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Good Reads  Earth System Sciences  Atmosphere  Climatology

Hurricane Lizards and Plastic Squid How the Natural World is Adapting to Climate Change

Popular Science
By: Thor Hanson(Author)
281 pages, b/w photos, b/w illustrations
Publisher: Icon Books
Nature writer Thor Hanson explores how climate change influences the biology of a diverse cast of animals.
Hurricane Lizards and Plastic Squid
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  • Hurricane Lizards and Plastic Squid ISBN: 9781785789786 Paperback Feb 2023 Not in stock: Usually dispatched within 1 week
  • Hurricane Lizards and Plastic Squid ISBN: 9781785788475 Hardback Feb 2022 In stock
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About this book

A fascinating insight into climate change biology around the globe, as well as in our own backyards.

Hurricane Lizards and Plastic Squid is the first major book by a biologist to focus on the fascinating story of how the natural world is adjusting, adapting, and sometimes measurably evolving in response to climate change. Lyrical and thought-provoking, this book broadens the climate focus from humans to the wider lattice of life.

Bestselling nature writer Thor Hanson – author of Buzz (a Radio 4 'Book of the Week') – shows us how Caribbean lizards have grown larger toe pads to grip trees more tightly during frequent hurricanes; and how the 'plasticity' of squid has allowed them to change their body size and breeding habits to cope with altered sea temperatures.

Plants and animals have a great deal to teach us about the nature of what comes next, because for many of them, and also for many of us, that world is already here.

Customer Reviews (1)

  • A well-structured and smooth introduction to climate change biology
    By Leon (NHBS Catalogue Editor) 6 Mar 2023 Written for Paperback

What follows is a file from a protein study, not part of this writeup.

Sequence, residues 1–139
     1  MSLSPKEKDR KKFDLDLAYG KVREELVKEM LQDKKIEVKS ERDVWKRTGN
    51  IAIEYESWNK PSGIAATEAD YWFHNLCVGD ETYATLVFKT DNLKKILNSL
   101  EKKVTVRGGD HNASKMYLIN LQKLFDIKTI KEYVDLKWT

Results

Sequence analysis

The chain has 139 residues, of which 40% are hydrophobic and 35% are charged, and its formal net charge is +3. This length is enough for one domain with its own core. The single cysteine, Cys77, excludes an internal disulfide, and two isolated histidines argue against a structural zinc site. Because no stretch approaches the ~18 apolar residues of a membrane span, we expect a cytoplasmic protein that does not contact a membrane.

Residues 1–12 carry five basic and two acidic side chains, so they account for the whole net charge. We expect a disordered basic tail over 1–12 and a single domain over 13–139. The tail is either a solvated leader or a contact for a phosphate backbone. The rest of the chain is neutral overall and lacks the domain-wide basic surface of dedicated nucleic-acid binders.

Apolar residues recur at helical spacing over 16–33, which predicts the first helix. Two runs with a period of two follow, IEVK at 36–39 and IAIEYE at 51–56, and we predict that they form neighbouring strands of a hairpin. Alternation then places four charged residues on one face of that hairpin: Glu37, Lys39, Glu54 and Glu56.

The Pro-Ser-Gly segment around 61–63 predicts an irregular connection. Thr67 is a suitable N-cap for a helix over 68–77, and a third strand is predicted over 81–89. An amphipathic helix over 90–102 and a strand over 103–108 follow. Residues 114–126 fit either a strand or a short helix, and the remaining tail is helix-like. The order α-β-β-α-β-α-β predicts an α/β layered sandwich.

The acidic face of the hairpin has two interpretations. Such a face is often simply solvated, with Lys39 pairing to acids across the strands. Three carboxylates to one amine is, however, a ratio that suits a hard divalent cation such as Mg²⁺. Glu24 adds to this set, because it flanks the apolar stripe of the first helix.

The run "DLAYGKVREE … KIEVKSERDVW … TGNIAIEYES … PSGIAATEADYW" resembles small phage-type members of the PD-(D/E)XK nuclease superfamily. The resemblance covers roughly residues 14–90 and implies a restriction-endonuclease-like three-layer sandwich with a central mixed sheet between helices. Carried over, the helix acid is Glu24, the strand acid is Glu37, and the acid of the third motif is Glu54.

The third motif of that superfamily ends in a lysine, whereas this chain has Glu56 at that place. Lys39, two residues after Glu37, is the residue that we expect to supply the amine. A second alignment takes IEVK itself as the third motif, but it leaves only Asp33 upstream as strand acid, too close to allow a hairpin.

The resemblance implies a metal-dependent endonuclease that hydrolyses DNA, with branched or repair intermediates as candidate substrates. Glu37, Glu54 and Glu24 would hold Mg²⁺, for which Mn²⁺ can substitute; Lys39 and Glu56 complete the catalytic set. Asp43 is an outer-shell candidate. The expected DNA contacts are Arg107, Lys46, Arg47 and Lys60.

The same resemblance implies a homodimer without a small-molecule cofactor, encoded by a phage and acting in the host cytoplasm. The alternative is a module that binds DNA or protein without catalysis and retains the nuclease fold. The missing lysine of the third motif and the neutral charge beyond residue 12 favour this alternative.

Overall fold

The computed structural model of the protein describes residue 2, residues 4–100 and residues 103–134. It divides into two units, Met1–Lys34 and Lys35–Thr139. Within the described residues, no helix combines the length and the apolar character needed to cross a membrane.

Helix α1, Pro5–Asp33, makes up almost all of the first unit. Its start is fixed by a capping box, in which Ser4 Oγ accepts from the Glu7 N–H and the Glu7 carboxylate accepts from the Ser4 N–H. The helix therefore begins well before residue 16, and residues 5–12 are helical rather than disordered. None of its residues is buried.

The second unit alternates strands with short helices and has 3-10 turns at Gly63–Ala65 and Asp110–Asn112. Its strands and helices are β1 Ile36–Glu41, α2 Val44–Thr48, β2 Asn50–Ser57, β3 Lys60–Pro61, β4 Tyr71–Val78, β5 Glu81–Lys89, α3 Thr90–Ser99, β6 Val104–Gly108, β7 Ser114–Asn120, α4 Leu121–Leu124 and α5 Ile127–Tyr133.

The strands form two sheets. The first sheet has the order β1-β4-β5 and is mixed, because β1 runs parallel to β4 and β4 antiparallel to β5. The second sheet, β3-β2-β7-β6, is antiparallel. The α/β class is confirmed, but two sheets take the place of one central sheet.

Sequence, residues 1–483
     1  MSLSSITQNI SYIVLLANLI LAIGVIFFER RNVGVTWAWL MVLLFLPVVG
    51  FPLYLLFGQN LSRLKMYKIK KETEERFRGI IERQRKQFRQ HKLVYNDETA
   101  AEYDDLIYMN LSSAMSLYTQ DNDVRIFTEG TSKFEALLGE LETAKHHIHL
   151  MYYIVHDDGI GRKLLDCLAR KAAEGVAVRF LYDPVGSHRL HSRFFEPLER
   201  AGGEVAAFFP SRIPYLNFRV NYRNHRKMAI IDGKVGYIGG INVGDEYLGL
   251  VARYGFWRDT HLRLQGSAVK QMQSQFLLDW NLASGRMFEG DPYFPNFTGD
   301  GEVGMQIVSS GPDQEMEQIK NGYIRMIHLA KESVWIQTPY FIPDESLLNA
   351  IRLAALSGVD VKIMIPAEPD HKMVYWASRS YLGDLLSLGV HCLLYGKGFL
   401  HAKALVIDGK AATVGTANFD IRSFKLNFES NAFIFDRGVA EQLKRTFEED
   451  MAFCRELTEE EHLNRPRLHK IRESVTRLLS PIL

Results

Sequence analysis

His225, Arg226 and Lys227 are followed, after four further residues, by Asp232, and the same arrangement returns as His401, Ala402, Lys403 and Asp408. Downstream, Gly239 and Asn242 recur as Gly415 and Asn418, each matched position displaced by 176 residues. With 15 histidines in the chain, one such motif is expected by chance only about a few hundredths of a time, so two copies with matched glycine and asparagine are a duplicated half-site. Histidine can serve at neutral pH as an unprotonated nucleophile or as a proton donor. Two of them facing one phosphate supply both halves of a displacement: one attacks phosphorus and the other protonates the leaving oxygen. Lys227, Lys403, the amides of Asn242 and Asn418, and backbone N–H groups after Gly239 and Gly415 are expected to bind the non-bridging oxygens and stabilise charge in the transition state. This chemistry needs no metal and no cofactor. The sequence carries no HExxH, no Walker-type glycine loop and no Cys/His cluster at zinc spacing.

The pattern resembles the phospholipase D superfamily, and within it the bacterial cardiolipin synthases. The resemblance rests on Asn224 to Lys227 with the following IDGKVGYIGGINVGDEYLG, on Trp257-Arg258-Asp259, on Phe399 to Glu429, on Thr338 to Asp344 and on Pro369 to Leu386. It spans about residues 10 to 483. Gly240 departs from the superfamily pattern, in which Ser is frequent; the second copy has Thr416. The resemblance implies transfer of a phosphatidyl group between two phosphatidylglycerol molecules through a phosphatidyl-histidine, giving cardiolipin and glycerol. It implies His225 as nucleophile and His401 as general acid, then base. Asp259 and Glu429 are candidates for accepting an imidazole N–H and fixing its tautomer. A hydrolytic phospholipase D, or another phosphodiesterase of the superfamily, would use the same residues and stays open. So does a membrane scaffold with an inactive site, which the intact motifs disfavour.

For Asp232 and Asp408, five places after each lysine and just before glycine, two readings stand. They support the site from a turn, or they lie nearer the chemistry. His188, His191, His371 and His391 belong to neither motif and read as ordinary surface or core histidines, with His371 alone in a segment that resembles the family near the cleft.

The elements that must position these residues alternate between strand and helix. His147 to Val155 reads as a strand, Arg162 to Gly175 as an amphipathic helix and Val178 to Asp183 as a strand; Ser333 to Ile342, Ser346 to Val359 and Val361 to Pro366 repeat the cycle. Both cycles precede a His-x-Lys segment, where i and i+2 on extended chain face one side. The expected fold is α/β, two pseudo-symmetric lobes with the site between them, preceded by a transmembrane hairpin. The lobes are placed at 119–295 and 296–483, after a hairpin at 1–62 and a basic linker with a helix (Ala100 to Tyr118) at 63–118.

If you had asked me last week how animals and plants will respond to climate change, I probably would have told you that they are expected to move towards the poles, shifting their home ranges as temperatures rise. This is indeed one possible response, but the challenges and opportunities for organisms are far more diverse and unpredictable. Biologist Thor Hanson has previously written much-praised books on feathers, seeds, and bees. Here, he gives a well-structured and terribly interesting whistle-stop tour of the nascent field of climate change biology and some of the fascinating research that is underway.

    Part of what makes Hurricane Lizards and Plastic Squid a very readable book is its logical organisation. Hanson sets the stage with the history of our discovery that the world was not constant but subject to change, and the discovery of carbon dioxide. But the book revolves around the challenges that organisms face, their responses, and the results. All three hold diverse surprises. To flesh out this framework, each chapter discusses several examples of exciting research, glued together with autobiographical anecdotes.

    As the climate changes, so does the timing of seasonal events (the study of which is known as phenology). When for instance plants flower earlier, pollinators might still be absent or in hibernation. Increasingly, species "find themselves in the right places at the wrong times" (p. 39). Rising temperatures can push animals to the edge of their comfort zone, and work on lizards shows they spend more time sheltering to avoid overheating, which is time not spent foraging. Work on starfish has shown that heat pulses can encourage disease outbreaks, contributing to marine epidemics. On land, forests in North America and Canada are suffering from one of the largest insect outbreaks in history, with bark beetles moving north almost unimpeded. Thousands of species are on the move, though rarely at the same speed or even in the same direction, making the situation so chaotic as to be unpredictable. Biologists have started talking of global weirding as whole ecosystems are now unravelling and rearranging themselves, challenging both the species remaining behind and the invaders trying to settle into new environments. Part of the reason that organisms move is that certain requirements in their habitat are no longer met and research on various mollusc species reveals how they struggle to build, maintain, and repair their shells as the oceans absorb carbon dioxide and acidify.